The Oscar’s are coming up so it is a good moment to delve into a few areas of celebrity activism. One of the most interesting competitions this year at the Oscar’s is for the Best Documentary category – what a change that is.   Well, anyway, among the strong group of short listed films is the scathing critique directed and by Charles Ferguson of the recent global financial crisis –  Inside Job.

Although narrated by Matt Damon, the ‘stars’ of the documentary come not from the world of Hollywood but from finance – the titans of Wall Street – with supporting roles from policy-makers – the folks in Washington – and a number of under performing economists. Among the big questions this documentary triggers is whether we can depict non-entertainers as celebrities?

In the case of business celebrity status is accorded to those who not only make massive amounts of money but who also give some of that money back the Ted Turner, George Soros, Bill Gates and Warren Buffett’s of the world.

How do the stars of Inside Job such as the leading lights of Goldman Sachs do according to this test? Some ex-Goldman Sachs have certainly tried to make the shift to this status. In the same week I saw Inside Job, The Financial Times accorded the ‘How to give it’ to Larry Linden, a retired (2008) general partner and managing director of Goldman Sachs. Linden maintains that Goldman Sachs ‘has a longstanding charitable tradition, which continues. For example in 2004 Linden acquired 840,000 acres of pristine forest in Tierra del Fuego as collateral on a package of distressed debt. Linden was asked back to the firm to arrange management and funding to conserve this forest permanently’.

I will leave it you to determine whether such action shifts the impression of Inside Job of Goldman Sachs from notoriety to celebrity.

But what this example suggests is that such organizations and their personnel may require a closer assessment about the philanthropic efforts. Before the crisis there ware laudatory stories of Hank Paulson, the former US Treasury Secretary and head of Goldman Sachs, preparing to give the bulk of his fortune (then estimated as $800 million) to environmental charities. Where does this promise stand now?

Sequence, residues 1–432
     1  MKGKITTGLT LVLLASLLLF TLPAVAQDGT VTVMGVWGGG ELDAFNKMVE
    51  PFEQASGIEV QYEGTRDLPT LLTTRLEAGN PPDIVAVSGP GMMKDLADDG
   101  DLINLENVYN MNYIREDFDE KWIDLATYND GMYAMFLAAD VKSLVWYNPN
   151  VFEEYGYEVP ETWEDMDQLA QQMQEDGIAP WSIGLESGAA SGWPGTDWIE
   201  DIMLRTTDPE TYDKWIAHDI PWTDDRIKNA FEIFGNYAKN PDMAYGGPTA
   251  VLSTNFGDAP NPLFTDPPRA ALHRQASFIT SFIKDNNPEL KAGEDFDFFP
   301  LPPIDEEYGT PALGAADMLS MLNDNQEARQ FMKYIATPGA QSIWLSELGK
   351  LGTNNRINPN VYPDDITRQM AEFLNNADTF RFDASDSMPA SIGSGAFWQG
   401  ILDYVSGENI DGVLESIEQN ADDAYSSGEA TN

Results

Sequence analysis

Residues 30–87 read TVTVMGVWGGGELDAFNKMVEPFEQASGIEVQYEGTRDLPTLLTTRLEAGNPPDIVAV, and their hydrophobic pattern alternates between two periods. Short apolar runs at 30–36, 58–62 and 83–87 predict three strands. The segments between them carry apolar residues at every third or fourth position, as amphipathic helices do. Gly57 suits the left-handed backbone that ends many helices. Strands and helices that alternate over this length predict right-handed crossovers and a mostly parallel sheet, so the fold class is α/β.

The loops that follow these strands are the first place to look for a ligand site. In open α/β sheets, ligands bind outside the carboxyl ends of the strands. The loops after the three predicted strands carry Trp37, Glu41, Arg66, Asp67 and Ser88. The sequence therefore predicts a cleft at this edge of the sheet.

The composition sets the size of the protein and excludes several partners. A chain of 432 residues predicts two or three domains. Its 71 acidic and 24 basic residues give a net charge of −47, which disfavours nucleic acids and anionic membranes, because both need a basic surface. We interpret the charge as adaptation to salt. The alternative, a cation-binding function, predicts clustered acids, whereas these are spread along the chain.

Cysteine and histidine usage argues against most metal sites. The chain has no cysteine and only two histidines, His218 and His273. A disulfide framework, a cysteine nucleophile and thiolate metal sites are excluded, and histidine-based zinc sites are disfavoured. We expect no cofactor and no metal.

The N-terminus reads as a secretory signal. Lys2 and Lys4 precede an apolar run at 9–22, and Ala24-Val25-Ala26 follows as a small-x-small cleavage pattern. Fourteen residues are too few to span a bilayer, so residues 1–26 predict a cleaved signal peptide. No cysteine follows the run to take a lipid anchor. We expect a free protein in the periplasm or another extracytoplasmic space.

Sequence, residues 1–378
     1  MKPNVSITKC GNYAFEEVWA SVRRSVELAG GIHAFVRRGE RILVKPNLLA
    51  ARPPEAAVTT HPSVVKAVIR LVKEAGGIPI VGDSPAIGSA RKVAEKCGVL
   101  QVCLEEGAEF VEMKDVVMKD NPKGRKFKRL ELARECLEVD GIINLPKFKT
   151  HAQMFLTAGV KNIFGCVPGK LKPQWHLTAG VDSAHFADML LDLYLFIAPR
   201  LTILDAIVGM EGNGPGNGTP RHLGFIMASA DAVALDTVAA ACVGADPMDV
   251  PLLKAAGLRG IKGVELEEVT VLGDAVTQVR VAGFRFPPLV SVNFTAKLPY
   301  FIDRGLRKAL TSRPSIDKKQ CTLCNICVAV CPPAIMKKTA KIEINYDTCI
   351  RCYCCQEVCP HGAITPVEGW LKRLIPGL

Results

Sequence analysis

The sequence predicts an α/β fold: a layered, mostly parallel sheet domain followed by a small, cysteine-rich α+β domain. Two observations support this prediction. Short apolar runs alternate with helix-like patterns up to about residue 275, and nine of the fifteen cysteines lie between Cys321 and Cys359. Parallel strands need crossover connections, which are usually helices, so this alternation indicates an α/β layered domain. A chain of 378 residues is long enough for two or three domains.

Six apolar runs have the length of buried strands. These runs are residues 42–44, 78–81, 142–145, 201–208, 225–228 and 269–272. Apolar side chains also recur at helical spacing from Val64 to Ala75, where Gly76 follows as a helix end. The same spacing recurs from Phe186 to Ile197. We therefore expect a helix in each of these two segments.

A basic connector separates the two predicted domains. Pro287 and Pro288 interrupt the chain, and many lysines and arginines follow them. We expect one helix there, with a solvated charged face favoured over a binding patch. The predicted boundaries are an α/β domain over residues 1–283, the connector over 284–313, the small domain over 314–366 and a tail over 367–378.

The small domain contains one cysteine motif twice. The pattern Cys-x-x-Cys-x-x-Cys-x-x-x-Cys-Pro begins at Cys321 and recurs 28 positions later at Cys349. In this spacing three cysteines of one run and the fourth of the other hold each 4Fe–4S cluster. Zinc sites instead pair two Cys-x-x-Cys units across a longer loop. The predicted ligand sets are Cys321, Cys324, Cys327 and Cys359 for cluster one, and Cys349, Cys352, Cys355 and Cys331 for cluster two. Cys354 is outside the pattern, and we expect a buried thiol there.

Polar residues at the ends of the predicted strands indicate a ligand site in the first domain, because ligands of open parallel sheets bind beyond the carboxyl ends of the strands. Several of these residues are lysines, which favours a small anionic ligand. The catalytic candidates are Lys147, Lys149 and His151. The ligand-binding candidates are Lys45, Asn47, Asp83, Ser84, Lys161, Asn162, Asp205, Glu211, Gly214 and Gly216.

Even if the extremely negative depiction of Goldman Sachs in Inside Job is unfair, however, other executives of this firm and their counterparts should get better advice about the names of the charitable Foundations they support. The best or worst illustration of this image disconnect is the participation of Lloyd Blankfein of Goldman Sachs (along with Dick Fuld formerly of Lehman Bros.) in the Robin Hood Foundation, an organization designed to target poverty in New York City.

After watching Inside Job, many viewers may come away feeling that any association of these financiers with a narrative of ‘robbing from the rich to give to the poor’ should be reversed. At least it looks like that from screening this documentary.

You Can’t Go Home!

The events in Egypt continue to resonate with celebrity politics.  Reflecting on my last blog post on the state hold on celebrities  it is useful to focus briefly on Mrs. Mubarak.  A number of Wikileaks about her role show her involvement in Egyptian politics.  Far from being content in playing a symbolic role as First Lady, Mrs. Mubarak was interpreted by a number of US diplomats to have played a major political role in trying to assure a dynastic succession to Gamal, the Mubaraks’ son.

But let me shift the focus in this blog post from the old regime to more future oriented scenarios. In particular I view the events in Egypt as opening up the puzzle once again:  can celebrities go home again?

To suggest that an individual such as Mohamed ElBaradei is a celebrity runs into all sort of thorny definitional questions. But he did gain a measure of fame from winning the Nobel Peace Prize in 2005 for his work as director of the UN nuclear agency. These achievements put him in a different category than those who gain celebrity status only by some form of support to a cause.

Yet, in some ways the question of whether or not a notable such as ElBaradei can go home again echoes other circumstances from the world of entertainment and sports. Although the list is likely longer, those I put at the top of the cluster of those celebrities away from their home are: Wyclef Jean, George Weah and Imran Khan.

All of these individuals received some measure of kudos as long as they concentrated their attention on non-political activities. Wyclef Jean used the fame he achieved as a member of the Fugees as a platform to build the Yéle Haiti Foundation. George Weah a star footballer became a UNICEF goodwill ambassador and an advocate for youth in his home country of Liberia. Imran Khan moved from being an iconic cricketer to an activist, starting a charitable foundation in Pakistan bearing the name of his mother and serving as a UNICEF special representative for sports.